Via, Veritas, et Vita

“You walk into this room at your own risk–because it leads to the future. Not a future that will be, but one that might be. This is not a new world. It is simply an extension of what began in the old one. 

“It has patterned itself after every dictator who has ever planted the ripping imprint of a boot on the pages of history since the beginning of time. . . . It has one iron rule. Logic is an enemy and truth is a menace.” Rod Serling, The Obsolete Man

It’s one of my favorite Twilight Zone episodes.

The story centers around a librarian (Burgess Meredith) named Wordsworth. Since books and religious faith have been outlawed, the librarian faces execution. According to his society, he has become obsolete.

In this situation, he finds a way to teach the world. He shows them that humans cannot violate each other without violating themselves.

He reads his illegal Bible. He asserts that there is a God. He has peace even in the face of death. The one who condemned him dies pleading and begging. It is the second man who has become obsolete.

It’s fascinating to consider how much the world and network television have changed since that episode first aired in 1961.

The episode was a reaction to, not only the war of those days, the Cold War, but also the previous war, World War II.

The reverberations of Hitler’s institutionalized, horrific, and unjustifiable atrocity still rocked the world. They remained fresh in the minds of those who had lived through that war and its aftermath. Those who knew of the testimonies at Nuremberg.

The world was wide awake to the dangers of those who would overrule logic and truth in favor of oppression and death.

Even in the face of terrorism and today’s political rancor, we have comfort. We have little fear. We sleep.

Ministries offer cruise packages, and families can book Christian vacations. Everyone needs a break. But a vacation isn’t usually ministry minded.

Ministry looks more like sacrifice. People who sacrifice for a greater good are not asleep.

Once, Germany’s people–and the countries Germany occupied–woke up to learn that they had much to fear.

Germany came to oppression by believing the world had oppressed them. The unfair treaty from the previous war had cheated them. They would show the world. They would rise and be a great people once more.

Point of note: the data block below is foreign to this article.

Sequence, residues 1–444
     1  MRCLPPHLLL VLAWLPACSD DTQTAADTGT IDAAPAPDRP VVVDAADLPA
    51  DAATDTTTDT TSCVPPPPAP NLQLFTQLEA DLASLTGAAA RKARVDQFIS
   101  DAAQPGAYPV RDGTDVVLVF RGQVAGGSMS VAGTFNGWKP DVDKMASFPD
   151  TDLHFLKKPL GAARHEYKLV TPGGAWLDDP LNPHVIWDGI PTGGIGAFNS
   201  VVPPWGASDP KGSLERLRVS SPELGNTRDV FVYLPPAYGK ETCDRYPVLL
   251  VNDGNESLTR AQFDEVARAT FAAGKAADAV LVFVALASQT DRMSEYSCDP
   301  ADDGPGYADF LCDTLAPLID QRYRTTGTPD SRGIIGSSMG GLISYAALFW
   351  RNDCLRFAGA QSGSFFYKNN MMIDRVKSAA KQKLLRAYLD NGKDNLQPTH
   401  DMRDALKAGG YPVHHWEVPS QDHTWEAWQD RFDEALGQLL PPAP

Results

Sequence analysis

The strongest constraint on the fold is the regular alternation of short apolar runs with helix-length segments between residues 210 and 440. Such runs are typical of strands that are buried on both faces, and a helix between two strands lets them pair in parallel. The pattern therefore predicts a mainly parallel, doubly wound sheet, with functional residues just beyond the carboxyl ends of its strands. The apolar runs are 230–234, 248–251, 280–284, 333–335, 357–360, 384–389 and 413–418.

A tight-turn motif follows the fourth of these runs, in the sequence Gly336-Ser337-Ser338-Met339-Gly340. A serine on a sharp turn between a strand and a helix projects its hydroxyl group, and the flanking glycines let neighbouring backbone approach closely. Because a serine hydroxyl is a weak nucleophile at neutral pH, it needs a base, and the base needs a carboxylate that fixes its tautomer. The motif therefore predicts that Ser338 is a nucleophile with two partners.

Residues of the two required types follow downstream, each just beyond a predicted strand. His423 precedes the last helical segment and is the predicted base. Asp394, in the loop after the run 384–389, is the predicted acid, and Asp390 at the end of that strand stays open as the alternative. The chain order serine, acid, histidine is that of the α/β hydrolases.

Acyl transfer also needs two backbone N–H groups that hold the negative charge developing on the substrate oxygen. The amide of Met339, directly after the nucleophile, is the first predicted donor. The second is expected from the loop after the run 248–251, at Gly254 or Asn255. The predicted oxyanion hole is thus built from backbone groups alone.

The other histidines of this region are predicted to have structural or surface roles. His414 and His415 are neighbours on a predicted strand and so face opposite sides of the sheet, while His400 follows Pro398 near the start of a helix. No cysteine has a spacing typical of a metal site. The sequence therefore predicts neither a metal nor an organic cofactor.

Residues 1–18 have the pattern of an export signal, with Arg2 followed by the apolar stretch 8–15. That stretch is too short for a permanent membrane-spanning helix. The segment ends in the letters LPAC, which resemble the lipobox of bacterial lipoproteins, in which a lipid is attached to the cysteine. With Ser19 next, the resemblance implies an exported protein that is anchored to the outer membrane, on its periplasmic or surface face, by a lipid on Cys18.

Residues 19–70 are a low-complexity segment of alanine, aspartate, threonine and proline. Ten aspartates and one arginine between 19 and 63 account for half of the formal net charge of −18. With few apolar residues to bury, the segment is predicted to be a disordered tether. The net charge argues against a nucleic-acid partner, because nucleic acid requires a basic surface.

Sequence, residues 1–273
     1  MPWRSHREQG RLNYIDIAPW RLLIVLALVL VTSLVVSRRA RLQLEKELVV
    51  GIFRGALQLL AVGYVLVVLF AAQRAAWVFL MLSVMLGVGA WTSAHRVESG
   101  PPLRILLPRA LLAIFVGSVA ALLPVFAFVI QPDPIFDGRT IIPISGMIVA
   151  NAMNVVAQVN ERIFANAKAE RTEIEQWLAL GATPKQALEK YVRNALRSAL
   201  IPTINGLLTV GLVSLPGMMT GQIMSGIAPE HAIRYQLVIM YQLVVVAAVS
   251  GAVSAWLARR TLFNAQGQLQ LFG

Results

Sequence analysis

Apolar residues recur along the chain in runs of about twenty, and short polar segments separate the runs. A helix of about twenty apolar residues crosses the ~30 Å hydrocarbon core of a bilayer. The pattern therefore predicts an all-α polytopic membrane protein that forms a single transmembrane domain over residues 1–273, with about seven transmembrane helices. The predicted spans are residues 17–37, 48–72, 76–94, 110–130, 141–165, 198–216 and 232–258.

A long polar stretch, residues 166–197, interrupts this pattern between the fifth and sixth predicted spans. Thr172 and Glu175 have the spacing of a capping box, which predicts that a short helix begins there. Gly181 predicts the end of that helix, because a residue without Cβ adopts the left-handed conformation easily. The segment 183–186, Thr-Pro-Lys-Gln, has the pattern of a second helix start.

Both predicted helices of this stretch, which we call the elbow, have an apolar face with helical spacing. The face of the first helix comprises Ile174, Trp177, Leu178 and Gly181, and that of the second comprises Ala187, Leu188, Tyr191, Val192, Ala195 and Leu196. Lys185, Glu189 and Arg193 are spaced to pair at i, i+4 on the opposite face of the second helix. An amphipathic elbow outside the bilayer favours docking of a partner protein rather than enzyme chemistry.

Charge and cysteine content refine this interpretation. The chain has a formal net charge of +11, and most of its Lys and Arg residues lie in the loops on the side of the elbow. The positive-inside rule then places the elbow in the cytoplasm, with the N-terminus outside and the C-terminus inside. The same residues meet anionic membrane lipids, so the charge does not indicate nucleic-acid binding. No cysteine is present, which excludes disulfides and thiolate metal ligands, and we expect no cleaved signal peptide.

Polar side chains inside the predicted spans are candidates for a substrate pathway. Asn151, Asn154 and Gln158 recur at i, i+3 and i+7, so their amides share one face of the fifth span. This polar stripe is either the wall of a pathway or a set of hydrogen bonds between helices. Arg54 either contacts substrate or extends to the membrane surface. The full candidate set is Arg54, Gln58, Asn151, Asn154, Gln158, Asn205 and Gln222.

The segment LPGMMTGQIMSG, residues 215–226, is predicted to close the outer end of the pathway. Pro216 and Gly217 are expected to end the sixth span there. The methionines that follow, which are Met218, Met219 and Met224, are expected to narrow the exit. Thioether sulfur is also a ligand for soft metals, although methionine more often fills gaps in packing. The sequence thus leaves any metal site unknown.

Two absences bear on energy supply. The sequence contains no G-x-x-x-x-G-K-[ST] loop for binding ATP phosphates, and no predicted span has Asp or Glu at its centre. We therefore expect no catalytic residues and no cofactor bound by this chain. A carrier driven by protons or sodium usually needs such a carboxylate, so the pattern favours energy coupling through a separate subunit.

But they trusted a liar who gave them a twisted sense of justice. He defied logic and denied truth. He seemed great, this author of great horror.

In the meantime, others would rise to greatness. Not other countries. But individuals who lay under the “ripping imprint of a boot” Serling references.

Dietrich Bonhoeffer, Maximillian Kolbe, Corrie ten Boom. Examples. They were awake.

Bonhoeffer and Kolbe died standing for truth. Corrie ten Boom lived to write and speak the truth of that time.

They endured great suffering and loved their enemies. In simple essence, they lived for Christ.

Meeting at the intersection of justice and truth, they pursued holiness.

And prevailed over evil.

Ego sum via veritas et vita. ~I am the way, the truth, and the life. John 14:6a~

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18 Replies to “Via, Veritas, et Vita”

  1. I don’t remember that “Twilight Zone.” There were a few other episodes that made me believe at least some of the writers were Christian. I’m going to look up “The Obsolete Man” and watch it if I can find it. Thanks for telling us about it.??

  2. The Obsolete Man was one of my favorite Twilight Zone episodes. And you’re right – there’s a lot to learn from this story. The TZ writers wrote much truth under the guise of speculative fiction.
    Another powerful episode is “The Howling Man” (about the devil).

  3. “Let me not sleep when there’s so much I can do for You Lord. Use me up Abba”. Loved this post Ms. Nancy. I can’t help but think of the Vince Lombardi quote (paraphrased), “he lays on the field, bloodied and bruised, having left nothing”. I too pray that when God calls me home, He finds my cup completely empty, having nothing left that I can pour out to another for His glory. God’s blessings ma’am.

  4. I loved watching The Twilight Zone. It was a great show.

    So much of what you mentioned seems to apply to us today. Things have not changed much. I pray to always be a messenger of truth like those before us. I pray we will find God’s strength when we need it.

  5. Once again, you have opened my eyes to so many profound and important things. The courage to truly SEE and speak out is so important. We must lose our life to find it.

  6. And here we are again, this go round is with a different dictator who moved civilization backward by one hundred years. One small misstep by our leaders and we could all find ourselves in WW3. It could happen. We are tiptoeing near that point. if we cross the line, we will lose the same quality of young men and women. We will lose the same quality of excellent leaders. We will always regret whatever proved to be the tipping point. “Pray that I ‘love deeply, care openly, share boldly,” posted elsewhere by my friend Ava Pennington may be the solution.

  7. Your words ring true here, Nancy. So inspirational. I love how you described these Christ-followers, “Meeting at the intersection of justice and truth, they pursued holiness.”

    As I’ve noted before, Bonhoeffer’s book, “The Cost of Discipleship” is my all time favorite book. He states, “The path of discipleship is narrow, and it is fatally easy to miss one’s way and stray from the path, even after years of discipleship.” “But if we behold Jesus Christ going on before, step by step, we shall not go astray.”

    1. You’re right, Karen. Following Christ is not an easy path, but it is easy to stray. You might like Eric Metaxas’s biography of Bonhoeffer. Excellent! Thanks and God bless!

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